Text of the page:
Anorak News | The Tough Get Going

The Tough Get Going

by | 11th, September 2002

”’WILL They Strike Today?” asks the Daily Express on its front page. And the answer, gauged from the TUC Conference in Blackpool, is: no, but they’ll have a bloody good grumble.

New pictures of call centre supervisor revealed

Tony Blair addressed the conference yesterday, and delivered a few desultory words on union rights, told the delegates to behave themselves, and came to life only when playing to the (TV) gallery with a speech about Iraq.

Judging from the reception from the hall, the speech appeared to be about as welcome as the proverbial fart in a lift. The Star’s cartoon shows Blair addressing the assembled trade union malcontents. ”Why take on Saddam?” asks one, and there are echoes of ”Why?” around the hall. ”Because he’ll be easier than you lot,” replies Tony, wagging his finger angrily.

Presumably this is intended to indicate that Saddam is just about the most dangerous thing imaginable, yet even he pales into insignificance beside the massed ranks of organised labour.

The effect, though, is the opposite, and merely suggests that the Iraqi ”monster” is no more threatening than a bunch of trade union ”leaders” who can’t even influence their own political party.

So why attack Iraq? Tony Parsons gives it to us straight in the Mirror, in a column entitled ”Shame on you self-loathing, American-hating liberals who make me sick to my stomach”. The reason why is that, whereas ”once we were told” that Saddam ”set up rape camps in Kuwait”, we are now told that he likes Quality street. ”Remember, remember, September 11,” he concludes.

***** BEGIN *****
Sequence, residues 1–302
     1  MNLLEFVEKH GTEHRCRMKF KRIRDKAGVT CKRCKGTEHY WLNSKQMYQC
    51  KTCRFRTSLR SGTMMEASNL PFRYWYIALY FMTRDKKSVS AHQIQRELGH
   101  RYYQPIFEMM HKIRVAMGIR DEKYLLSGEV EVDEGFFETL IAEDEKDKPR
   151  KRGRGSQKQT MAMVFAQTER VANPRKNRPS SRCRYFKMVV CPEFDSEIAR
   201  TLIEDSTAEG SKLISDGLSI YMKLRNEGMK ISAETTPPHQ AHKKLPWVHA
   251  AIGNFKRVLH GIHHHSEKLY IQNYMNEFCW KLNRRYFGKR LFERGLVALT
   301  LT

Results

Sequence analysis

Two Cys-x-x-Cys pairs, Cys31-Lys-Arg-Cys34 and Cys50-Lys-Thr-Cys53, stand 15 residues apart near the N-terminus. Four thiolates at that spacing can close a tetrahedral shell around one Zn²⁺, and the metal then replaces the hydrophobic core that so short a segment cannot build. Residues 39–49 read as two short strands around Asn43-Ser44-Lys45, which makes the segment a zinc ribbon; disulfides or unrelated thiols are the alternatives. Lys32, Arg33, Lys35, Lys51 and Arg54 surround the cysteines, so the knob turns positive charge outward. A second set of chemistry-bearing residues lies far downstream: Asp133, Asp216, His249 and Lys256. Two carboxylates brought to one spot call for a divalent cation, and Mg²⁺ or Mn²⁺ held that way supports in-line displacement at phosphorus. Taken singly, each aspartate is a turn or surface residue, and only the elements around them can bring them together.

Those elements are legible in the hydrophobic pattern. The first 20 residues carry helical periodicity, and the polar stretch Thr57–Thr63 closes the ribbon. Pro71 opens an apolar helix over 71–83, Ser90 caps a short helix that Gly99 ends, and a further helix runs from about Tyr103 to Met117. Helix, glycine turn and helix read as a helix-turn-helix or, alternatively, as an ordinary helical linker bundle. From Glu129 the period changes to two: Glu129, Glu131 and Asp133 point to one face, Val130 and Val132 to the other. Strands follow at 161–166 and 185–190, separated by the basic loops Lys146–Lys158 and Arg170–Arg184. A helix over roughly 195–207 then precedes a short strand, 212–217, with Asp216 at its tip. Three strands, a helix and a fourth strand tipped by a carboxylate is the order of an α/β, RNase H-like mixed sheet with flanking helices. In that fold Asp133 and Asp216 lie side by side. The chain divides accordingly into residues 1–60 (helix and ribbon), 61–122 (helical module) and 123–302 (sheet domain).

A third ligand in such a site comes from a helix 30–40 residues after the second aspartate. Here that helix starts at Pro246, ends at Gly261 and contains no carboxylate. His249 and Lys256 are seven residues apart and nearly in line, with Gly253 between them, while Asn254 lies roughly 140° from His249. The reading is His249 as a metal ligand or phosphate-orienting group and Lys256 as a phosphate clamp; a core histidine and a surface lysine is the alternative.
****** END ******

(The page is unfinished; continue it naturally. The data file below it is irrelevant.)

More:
Admittedly, we were told a lot of things about Saddam. We remember how he killed the Kuwaiti babies by disconnecting the incubators, and covered all those poor cormorants in crude oil? Neither of these actually happened, of course, but they were good stories nonetheless. We don’t remember being told about Kuwaiti rape camps, but even if they don’t exist, someone would have to invent them.

Parsons may fear a strike from Saddam, the Express may fear a strike from Bin Laden, and the Star may fear a strike from the Amalgamated Wheeltappers, Boilermakers and Call Centre Operatives Union. But the most likely strike will come courtesy of Bush and Blair, with God – and Tony Parsons – on their side.

Posted: 11th, September 2002 | In: Tabloids Comment | TrackBack | Permalink